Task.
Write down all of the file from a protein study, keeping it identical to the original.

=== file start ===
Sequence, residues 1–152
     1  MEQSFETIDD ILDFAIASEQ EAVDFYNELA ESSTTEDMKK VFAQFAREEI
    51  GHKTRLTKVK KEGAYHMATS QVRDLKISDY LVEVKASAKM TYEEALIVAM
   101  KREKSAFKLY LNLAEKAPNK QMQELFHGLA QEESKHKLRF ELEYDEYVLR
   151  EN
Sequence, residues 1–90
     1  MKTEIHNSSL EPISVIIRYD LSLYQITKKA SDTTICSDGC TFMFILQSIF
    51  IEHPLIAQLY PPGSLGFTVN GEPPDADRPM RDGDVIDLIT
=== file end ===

Sequence, residues 1–152
     1  MEQSFETIDD ILDFAIASEQ EAVDFYNELA ESSTTEDMKK VFAQFAREEI
    51  GHKTRLTKVK KEGAYHMATS QVRDLKISDY LVEVKASAKM TYEEALIVAM
   101  KREKSAFKLY LNLAEKAPNK QMQELFHGLA QEESKHKLRF ELEYDEYVLR
   151  EN
Sequence, residues 1–90
     1  MKTEIHNSSL EPISVIIRYD LSLYQITKKA SDTTICSDGC TFMFILQSIF
    51  IEHPLIAQLY PPGSLGFTVN GEPPDADRPM RDGDVIDLIT